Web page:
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Thursday, May 18, 2006

Dual Tax Rate?

By Sarah Wilhelm, PhD [Guest Blogger]
Fiscal Policy Director
Voices for Utah Children

Tax policy objectives, which are widely accepted as sound criteria for a good tax system are:
  • Transparency
  • Simplicity
  • Revenue Adequacy
  • Equity
  • Efficiency
I appreciate the work of good people trying to generate sound tax policy. It's just a matter of time before we find the magic bullet that works for everyone.

However, the proposed dual tax system fails to improve any of these criteria over our current system. A dual tax system that allows a taxpayer to chose which tax system is most beneficial will make the system more complex, will jeopardize revenue adequacy, make the system less transparent, result in unequal treatment, with increased costs of compliance and administration. Such a system will also not achieve the stated goals of tax reform, to stabilize funding for education and lower the states top marginal rate.


The dual system will increase the compliance costs for tax payers as they will have to calculate their tax liability under both systems, or pay someone to do it, to determine which system is the best for them. The tax commission has already indicated having a dual system will be more costly to administer. Legislatively maintaining two tax systems will be twice as difficult as economic situations, state priorities and federal laws change.

Revenue Adequacy

The dual tax system will make projecting revenue much more difficult. Revenue projections are more likely to be inaccurate making budgeting more difficult. Utah currently has an excellent track record in projecting revenue for the future enabling the Legislature to create budgets with minimal corrections. The cost of the plan will also negatively impact the states ability to adequately meet educational funding needs.


The dual system obscures transparency. It will no longer be clear which income is subject to tax and which protected or rewarded with credits and deductions. Depending on which system you choose for the year in question you could have large variations in potential individual liability and state revenue. The dual system would obscure what was happening with state revenues until after legislative decisions would be required to be made.


Those in identical situations could be taxed very differently. Equity would require that similarly situated taxpayers be treated similarly. The flat tax system would provide a substantial tax cut to those making over $250,000, whose effective tax rate* averages 5.45%. They would now be able to pay 4.8% under the flat tax system. Currently those making over $280,000, the top 1% of taxpayers, pay the least percent of their income in state and local taxes compared to all other income groups. Providing a tax cut to the wealthiest 1% would make Utah’s currently already regressive tax structure even more regressive and further push the burden of funding the states education system onto those in the middle class.


The dual tax system could magnify the effect of the tax system on economic behavior. For example, a taxpayer who has a change in their mortgage interest deduction may change to the flat tax system thus changing the costs of donating to charity, adopting a special needs child, and purchasing an alternative fuel vehicle. In addition, a duel system would be inefficient to administer, and would increase compliance costs as individuals spend more time, effort and money to determine which system would allow them to minimize their tax liability under a given set of circumstances.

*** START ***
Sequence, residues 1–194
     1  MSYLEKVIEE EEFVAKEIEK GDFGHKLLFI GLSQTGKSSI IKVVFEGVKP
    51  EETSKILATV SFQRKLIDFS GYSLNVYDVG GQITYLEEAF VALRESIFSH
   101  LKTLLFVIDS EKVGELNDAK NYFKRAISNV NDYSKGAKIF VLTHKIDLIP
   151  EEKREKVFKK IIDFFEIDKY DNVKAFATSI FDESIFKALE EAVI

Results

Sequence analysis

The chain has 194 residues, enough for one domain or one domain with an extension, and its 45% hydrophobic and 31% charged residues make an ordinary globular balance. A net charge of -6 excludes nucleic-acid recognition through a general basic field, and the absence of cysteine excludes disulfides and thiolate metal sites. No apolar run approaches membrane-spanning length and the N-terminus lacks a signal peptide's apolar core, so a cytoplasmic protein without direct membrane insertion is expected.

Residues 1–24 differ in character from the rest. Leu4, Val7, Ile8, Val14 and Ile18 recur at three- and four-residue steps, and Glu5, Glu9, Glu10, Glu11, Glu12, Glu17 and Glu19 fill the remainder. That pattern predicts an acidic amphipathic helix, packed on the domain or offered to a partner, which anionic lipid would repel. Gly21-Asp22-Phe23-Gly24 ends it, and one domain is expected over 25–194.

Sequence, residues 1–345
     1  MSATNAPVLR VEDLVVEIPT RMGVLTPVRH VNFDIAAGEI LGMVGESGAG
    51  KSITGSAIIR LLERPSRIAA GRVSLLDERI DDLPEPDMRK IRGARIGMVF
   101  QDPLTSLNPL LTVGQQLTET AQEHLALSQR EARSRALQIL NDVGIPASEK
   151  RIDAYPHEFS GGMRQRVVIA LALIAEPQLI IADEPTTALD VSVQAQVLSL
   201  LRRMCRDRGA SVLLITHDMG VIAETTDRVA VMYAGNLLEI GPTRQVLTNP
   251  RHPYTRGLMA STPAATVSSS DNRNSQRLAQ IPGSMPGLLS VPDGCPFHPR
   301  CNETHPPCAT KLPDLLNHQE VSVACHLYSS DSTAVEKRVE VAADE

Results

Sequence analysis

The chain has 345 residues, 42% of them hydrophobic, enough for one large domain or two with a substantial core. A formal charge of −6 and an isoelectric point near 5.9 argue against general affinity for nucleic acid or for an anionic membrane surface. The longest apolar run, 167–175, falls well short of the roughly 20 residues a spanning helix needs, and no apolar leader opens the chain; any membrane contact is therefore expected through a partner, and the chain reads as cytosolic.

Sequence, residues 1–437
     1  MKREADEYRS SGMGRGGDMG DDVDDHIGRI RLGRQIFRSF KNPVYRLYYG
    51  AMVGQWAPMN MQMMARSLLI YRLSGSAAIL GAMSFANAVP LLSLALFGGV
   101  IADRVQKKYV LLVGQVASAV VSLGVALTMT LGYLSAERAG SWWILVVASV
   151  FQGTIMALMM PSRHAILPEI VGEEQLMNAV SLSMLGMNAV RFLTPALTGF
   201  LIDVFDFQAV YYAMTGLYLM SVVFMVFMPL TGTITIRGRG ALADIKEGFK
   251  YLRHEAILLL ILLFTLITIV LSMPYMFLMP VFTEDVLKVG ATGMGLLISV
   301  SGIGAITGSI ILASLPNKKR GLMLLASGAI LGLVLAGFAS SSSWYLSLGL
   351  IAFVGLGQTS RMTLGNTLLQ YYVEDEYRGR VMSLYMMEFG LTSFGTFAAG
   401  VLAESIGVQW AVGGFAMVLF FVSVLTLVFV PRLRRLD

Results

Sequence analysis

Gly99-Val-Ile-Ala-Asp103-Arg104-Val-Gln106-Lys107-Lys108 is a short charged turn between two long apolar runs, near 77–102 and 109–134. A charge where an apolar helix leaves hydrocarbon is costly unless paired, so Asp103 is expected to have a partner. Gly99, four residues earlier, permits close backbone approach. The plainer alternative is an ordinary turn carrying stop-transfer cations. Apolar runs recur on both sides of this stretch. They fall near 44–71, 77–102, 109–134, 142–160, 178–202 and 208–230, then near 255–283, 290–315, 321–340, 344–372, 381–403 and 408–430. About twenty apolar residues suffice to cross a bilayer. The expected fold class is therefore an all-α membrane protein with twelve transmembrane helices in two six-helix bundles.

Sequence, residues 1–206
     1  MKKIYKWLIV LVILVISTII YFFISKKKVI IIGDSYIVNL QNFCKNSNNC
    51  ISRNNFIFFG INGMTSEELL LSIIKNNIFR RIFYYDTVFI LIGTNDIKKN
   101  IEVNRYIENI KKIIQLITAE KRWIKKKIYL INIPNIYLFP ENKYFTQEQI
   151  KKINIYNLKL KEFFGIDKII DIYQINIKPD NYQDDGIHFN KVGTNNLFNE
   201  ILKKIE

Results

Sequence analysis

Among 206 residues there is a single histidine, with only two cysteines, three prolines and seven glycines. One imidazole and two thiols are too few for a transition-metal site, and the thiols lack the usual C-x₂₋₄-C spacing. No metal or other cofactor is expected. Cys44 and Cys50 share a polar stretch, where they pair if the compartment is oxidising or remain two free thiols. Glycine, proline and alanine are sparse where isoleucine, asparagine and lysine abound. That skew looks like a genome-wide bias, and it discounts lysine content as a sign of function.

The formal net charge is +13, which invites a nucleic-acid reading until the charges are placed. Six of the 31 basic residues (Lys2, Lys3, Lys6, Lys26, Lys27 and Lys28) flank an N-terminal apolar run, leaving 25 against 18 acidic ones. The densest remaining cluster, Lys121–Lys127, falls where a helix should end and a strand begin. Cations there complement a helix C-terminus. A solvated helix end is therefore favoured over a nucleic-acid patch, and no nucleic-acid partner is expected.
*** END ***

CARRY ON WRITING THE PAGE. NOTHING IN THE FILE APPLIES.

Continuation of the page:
* Effective tax rate is the percentage of your total income you pay in taxes. If your income is $100,000 and you pay $5,000 in taxes, your effective rate is 5%. The effective rate can be very different than the published or marginal tax rate due to deductions and credits. In a pure flat tax system with no deductions, the marginal rate, the published rate and the effective rate would all be the same.


Anonymous Young Families in Utah said...

Excellent article Sarah, very informative and interesting. You are correct; a dual tax system is very primitive and, sorry to say it, a foolish idea.

Finally, someone has explained some terminology that I can use to voice my thoughts concerning the flat tax policy.

Now I don’t consider myself poor by any means; however, because I am just starting out – you know; found a spouse, had two kids, and bought a house; it is a little tough to make ends meet. I am opposed to the flat tax system, unless it really gave me some sort of break – which it will not from what I understand.

With all of my deductions in relation to my income, my federal tax liability was zero in 2005; strangely however, my effective tax rate for the state of Utah was 2.8%, while the marginal rate was 5.7% and the published rate was 6.4%.

Thus from what I understand about the flat rate system, if the effective tax rate, marginal rate, and the published rate are 4.5%, then I would have paid 1.7%* more in Utah taxes in 2005. Here I am, with zero federal tax liability and the state of Utah is suggesting raising my taxes! I vote for the graduated scale, as a young up and comer, I need to keep as much of my own money as possible to feed my family and pay for the gas to get to work and school.

I urge the legislature to think carefully before it goes and raises taxes on the young families starting out in the state of Utah

Note: I don’t claim to be any sort of mathematician, so if my calculations are as off as those of the Utah State Tax Commission, please let me know.

* 4.5% flat rate without deductions - 2.8% effective tax rate on total income = 1.7% more in Utah taxes

5/18/2006 5:40 PM  

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